More than 25 NAACP members and other guests filled rooms in Prince George’s County and Howard County this September to learn more about preemption understand how preemption can hurt their health and quality of life, while sparking spirited conversation.
The town halls were facilitated by LOCAL Maryland, a coalition of state advocacy organizations committed to protecting the ability of local elected officials to pass laws that support healthy families, a clean environment and good jobs.
A discussion held at the Maryland State Conference of the NAACP Convention at Ocean City on Oct. 26, brought in more than 50 attendees and members that wanted to make a difference. Successful meetings in Baltimore City and Anne Arundel County garnered significant interest in November.
Gerald Stansbury, President of the Maryland State Conference of the NAACP wanted the audience to know exactly how preemption can specifically hurt is constituents. “It’s important for people of color to understand that preemption affects things we need like housing, safety and health,” said Stansbury. “It takes away the power of community. It takes your voice away. We need to start the conversation about preemption. This is our cause. We need to be on the front lines.”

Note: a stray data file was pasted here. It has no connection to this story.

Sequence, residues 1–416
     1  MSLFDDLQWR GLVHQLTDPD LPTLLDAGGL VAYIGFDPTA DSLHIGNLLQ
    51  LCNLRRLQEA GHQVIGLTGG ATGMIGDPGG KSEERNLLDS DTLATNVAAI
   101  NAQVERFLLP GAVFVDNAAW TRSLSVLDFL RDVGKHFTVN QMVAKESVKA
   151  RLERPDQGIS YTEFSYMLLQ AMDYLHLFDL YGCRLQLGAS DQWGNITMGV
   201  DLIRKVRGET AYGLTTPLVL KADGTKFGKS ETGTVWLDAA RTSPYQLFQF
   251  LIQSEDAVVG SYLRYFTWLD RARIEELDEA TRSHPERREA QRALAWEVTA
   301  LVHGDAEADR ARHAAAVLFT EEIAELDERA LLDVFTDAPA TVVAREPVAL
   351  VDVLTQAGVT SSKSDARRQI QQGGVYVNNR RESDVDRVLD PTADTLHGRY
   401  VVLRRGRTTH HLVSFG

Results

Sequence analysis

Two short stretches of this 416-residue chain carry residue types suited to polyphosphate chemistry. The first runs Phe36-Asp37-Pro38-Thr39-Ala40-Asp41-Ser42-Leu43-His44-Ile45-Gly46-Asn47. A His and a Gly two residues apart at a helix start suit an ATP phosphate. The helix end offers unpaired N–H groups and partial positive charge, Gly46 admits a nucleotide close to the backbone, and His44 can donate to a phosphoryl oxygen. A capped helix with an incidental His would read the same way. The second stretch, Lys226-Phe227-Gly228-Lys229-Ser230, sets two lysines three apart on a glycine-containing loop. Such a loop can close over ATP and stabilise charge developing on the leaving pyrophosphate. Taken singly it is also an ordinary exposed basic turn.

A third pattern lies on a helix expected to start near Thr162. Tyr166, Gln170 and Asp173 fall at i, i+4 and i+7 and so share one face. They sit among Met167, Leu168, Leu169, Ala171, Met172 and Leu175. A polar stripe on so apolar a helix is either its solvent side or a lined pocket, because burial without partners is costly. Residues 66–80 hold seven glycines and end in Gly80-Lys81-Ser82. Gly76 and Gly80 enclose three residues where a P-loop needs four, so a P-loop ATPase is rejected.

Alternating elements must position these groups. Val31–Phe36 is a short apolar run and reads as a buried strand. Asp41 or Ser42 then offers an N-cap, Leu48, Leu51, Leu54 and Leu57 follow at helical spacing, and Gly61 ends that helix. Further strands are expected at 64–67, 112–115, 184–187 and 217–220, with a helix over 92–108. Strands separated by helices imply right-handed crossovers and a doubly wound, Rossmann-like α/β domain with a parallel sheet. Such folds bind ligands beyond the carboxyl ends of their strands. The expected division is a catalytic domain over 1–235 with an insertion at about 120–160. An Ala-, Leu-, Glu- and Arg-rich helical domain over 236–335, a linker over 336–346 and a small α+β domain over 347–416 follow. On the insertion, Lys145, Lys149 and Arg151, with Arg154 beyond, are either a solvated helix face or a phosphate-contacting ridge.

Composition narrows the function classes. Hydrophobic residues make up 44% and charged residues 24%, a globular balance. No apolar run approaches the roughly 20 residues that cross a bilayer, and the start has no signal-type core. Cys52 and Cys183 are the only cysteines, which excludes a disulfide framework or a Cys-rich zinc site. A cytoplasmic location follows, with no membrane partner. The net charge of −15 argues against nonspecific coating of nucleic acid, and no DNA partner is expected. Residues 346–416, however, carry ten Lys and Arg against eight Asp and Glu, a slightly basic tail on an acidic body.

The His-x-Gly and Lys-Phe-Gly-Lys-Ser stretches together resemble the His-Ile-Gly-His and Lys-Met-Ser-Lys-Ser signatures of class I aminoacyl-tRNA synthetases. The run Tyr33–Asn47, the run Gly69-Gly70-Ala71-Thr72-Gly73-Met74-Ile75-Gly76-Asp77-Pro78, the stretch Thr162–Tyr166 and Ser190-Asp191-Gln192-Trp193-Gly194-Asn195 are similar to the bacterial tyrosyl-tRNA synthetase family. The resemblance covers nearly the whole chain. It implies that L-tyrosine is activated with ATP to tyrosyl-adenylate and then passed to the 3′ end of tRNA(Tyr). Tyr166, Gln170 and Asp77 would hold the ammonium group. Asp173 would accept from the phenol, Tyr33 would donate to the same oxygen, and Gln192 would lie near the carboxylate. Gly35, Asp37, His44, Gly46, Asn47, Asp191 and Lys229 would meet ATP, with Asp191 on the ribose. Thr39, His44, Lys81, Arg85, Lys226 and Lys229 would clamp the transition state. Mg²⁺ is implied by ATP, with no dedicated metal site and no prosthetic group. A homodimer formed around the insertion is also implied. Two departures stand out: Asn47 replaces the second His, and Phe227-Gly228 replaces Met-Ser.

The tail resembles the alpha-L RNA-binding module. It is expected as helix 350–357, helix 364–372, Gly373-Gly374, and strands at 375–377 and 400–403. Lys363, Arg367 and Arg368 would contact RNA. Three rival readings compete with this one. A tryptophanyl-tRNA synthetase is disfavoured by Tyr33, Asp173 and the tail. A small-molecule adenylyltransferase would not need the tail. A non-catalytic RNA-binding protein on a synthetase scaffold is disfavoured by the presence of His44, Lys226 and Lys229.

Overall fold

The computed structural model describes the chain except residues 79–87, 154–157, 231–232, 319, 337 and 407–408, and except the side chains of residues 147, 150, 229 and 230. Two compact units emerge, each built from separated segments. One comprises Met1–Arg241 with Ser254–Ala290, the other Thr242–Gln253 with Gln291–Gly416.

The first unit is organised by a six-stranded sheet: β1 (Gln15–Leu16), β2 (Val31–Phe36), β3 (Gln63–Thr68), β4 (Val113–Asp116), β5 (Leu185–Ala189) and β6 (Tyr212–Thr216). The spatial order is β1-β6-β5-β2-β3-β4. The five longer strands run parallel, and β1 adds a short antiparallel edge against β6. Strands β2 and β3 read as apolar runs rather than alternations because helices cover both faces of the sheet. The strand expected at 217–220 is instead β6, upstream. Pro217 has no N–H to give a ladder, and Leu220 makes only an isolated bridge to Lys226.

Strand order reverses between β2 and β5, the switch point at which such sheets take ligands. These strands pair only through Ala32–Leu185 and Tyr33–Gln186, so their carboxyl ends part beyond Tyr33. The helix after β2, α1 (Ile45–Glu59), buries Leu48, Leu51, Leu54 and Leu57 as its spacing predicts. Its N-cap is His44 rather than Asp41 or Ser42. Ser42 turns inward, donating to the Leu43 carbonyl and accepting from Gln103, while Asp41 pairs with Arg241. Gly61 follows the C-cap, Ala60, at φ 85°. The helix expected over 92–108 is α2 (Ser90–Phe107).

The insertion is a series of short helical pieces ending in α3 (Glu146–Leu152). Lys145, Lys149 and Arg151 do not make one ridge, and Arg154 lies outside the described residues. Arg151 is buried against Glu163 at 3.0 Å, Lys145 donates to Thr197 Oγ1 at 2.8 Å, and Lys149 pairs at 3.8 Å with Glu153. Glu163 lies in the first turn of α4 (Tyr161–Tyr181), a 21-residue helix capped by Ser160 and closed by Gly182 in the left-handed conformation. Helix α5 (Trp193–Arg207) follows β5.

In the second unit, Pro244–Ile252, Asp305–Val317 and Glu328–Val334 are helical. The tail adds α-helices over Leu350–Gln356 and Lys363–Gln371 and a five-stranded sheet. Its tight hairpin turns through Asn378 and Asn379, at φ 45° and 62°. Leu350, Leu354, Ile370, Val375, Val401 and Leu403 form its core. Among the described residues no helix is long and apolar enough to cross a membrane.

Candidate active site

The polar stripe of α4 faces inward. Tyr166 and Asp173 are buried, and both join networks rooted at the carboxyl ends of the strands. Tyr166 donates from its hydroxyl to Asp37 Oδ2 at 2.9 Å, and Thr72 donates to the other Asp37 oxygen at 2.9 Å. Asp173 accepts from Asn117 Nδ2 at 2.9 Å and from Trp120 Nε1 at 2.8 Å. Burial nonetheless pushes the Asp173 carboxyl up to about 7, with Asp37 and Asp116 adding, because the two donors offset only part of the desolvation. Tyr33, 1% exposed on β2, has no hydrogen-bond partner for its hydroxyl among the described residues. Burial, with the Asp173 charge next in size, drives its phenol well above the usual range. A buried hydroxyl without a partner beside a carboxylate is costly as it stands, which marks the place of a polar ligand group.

Monica Young, representing Prince George’s County councilmember Jolene Ivey sat on the panel and emphasized how preemption affects local government. “Preemption impacts our ability to create laws that impact our community. Who knows you better than your state legislators? It’s important that your local legislators are able to work with you directly to know your needs.”